Focusing on this image forming unit 1, the configuration of the components of the printer will hereinbelow be described.

FIG. 2 is a block diagram showing an illustrative configuration of the components of the printer shown in FIG. 1. In the following description, a configuration for negatively charged toner will be described, but the polarity of voltages to be applied may be appropriately set if positive charged toner is used.

Image forming unit 1 shown in this figure creates a visual image in accordance with an image signal, onto a sheet of paper as recording medium with toner as the developer. More specifically, in this image forming unit, the toner is made to jump and adhere onto the paper whilst the jumping of the toner is controlled based on the image forming signal so as to directly create an image on the paper.

Here, a paper feeder 10 is provided on the input side of image forming unit 1. Paper feeder 10 is composed of a paper cassette 4 for storing paper 5 as recording medium, a pickup roller 6 for delivering paper 5 from paper cassette 4, and a paper guide 7 for guiding fed paper 5. Paper feeder 10 further has an unillustrated detecting sensor for detecting the feed of paper 5. Pickup roller 6 is rotationally driven by an unillustrated driving means.

Provided on the output side of image forming unit 1 is a fixing unit 11 for heating and pressing the toner image which was formed on paper 5 at the image forming unit 1, to fix it onto paper 5. Fixing unit 11 is composed of a heat roller 12, a heater 13, a pressing roller 14, a temperature sensor 15, a temperature controller circuit 80 and an unillustrated paper discharge sensor.

Heat roller 12 is made up of, for example, an aluminum pipe of 2 mm thick. Heater 13 is a halogen lamp which is incorporated in heat roller 12. Pressing roller 14 is made of silicone resin. Heat roller 12 and pressing roller 14 which are arranged opposite to each other, are pressed against one another in order to hold paper 5 in between and press it, with a pressing load, e.g. 2 kg, from unillustrated springs etc., provided at both ends of their shafts.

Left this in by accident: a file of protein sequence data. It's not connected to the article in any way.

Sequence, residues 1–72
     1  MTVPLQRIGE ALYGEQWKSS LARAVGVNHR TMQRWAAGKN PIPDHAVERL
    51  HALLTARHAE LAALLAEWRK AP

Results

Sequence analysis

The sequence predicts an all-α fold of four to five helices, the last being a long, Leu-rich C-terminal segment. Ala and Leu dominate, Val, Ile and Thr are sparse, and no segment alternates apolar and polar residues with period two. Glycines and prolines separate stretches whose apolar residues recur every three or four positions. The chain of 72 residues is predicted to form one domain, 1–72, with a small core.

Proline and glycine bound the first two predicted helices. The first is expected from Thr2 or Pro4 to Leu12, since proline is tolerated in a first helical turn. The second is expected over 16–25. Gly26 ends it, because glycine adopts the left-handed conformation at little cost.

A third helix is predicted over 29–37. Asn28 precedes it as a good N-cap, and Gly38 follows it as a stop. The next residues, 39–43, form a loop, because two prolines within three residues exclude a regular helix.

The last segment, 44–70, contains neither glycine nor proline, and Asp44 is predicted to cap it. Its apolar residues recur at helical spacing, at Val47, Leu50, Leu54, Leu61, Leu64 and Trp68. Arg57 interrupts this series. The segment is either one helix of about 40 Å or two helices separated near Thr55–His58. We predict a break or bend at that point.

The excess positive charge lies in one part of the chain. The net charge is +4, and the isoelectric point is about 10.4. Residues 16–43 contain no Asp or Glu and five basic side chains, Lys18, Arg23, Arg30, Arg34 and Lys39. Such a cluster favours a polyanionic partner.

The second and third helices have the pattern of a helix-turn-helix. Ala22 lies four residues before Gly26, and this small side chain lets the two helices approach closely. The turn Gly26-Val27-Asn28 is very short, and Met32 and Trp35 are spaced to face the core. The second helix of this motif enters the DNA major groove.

Temperature sensor 15 measures the surface temperature of heat roller 12. Temperature controller circuit 80 which is controlled by a main controller, performs the on/off operation of heater 13 and other control based on the measurement of temperature sensor 15, to maintain the surface temperature of heater roller 12 at 150° C. An unillustrated paper discharge sensor is the one which detects the discharge of paper 5. The materials of heat roller 12, heater 13, pressing roller 14, etc., are not specifically limited. The surface temperature of heat roller 12 also is not specifically limited. Further, fixing unit 11 may use a fixing configuration in which paper 5 is heated or pressed to fix the toner image.

Further, although it is not shown in the drawing, the paper output side of fixing unit 11 has a paper discharge roller for discharging paper 5 processed through fixing unit 11 onto a paper output tray and a paper output tray for holding paper 5 thus discharged. Heat roller 12, pressing roller 14 and the paper discharge roller are rotated by an unillustrated driving means.

Next, toner supplying section 2 as a component of image forming unit 1 will be described illustratively.

As shown in FIG. 2, toner supplying section 2 is composed of a toner storage tank 20 for storing toner 21 as the developer, a toner support 22 of a cylindrical sleeve for supporting toner 21 and a doctor blade 23 which is provided inside toner storage tank 20 to electrify toner 21 and regulate the thickness of the toner layer carried on the peripheral surface of toner support 22.

Doctor blade 23 is arranged on the upstream side with respect to the rotational direction of toner support 22, spaced with a distance of about 60 μm from the peripheral surface of toner support 22. Toner 21 is of a non-magnetic type having a mean particle diameter of 10 μm, and is electrified with static charge of about −10 μC/g by doctor blade 23. Here, the distance between doctor blade 23 and toner support 22 is not particularly limited. Also the mean particle size, the amount of static charge, etc., of toner 21 are not particularly limited.